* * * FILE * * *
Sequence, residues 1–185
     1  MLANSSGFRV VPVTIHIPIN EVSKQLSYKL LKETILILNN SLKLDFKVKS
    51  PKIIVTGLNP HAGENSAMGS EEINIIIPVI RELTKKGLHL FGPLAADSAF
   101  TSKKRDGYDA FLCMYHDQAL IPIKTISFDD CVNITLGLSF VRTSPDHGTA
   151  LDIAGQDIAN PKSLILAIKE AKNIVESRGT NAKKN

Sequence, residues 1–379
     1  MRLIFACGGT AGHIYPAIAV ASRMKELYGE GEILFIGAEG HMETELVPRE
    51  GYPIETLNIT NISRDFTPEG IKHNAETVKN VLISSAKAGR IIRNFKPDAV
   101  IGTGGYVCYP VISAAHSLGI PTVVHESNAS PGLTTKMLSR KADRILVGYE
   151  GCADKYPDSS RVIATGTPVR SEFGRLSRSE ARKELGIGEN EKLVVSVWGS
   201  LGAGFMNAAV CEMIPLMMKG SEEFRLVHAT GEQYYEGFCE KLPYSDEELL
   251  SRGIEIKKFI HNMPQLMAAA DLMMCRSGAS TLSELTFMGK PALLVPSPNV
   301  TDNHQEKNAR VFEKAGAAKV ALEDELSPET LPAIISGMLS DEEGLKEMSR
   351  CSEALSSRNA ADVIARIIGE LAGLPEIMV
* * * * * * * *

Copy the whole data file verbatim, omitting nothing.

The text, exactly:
Sequence, residues 1–185
     1  MLANSSGFRV VPVTIHIPIN EVSKQLSYKL LKETILILNN SLKLDFKVKS
    51  PKIIVTGLNP HAGENSAMGS EEINIIIPVI RELTKKGLHL FGPLAADSAF
   101  TSKKRDGYDA FLCMYHDQAL IPIKTISFDD CVNITLGLSF VRTSPDHGTA
   151  LDIAGQDIAN PKSLILAIKE AKNIVESRGT NAKKN

Sequence, residues 1–379
     1  MRLIFACGGT AGHIYPAIAV ASRMKELYGE GEILFIGAEG HMETELVPRE
    51  GYPIETLNIT NISRDFTPEG IKHNAETVKN VLISSAKAGR IIRNFKPDAV
   101  IGTGGYVCYP VISAAHSLGI PTVVHESNAS PGLTTKMLSR KADRILVGYE
   151  GCADKYPDSS RVIATGTPVR SEFGRLSRSE ARKELGIGEN EKLVVSVWGS
   201  LGAGFMNAAV CEMIPLMMKG SEEFRLVHAT GEQYYEGFCE KLPYSDEELL
   251  SRGIEIKKFI HNMPQLMAAA DLMMCRSGAS TLSELTFMGK PALLVPSPNV
   301  TDNHQEKNAR VFEKAGAAKV ALEDELSPET LPAIISGMLS DEEGLKEMSR
   351  CSEALSSRNA ADVIARIIGE LAGLPEIMV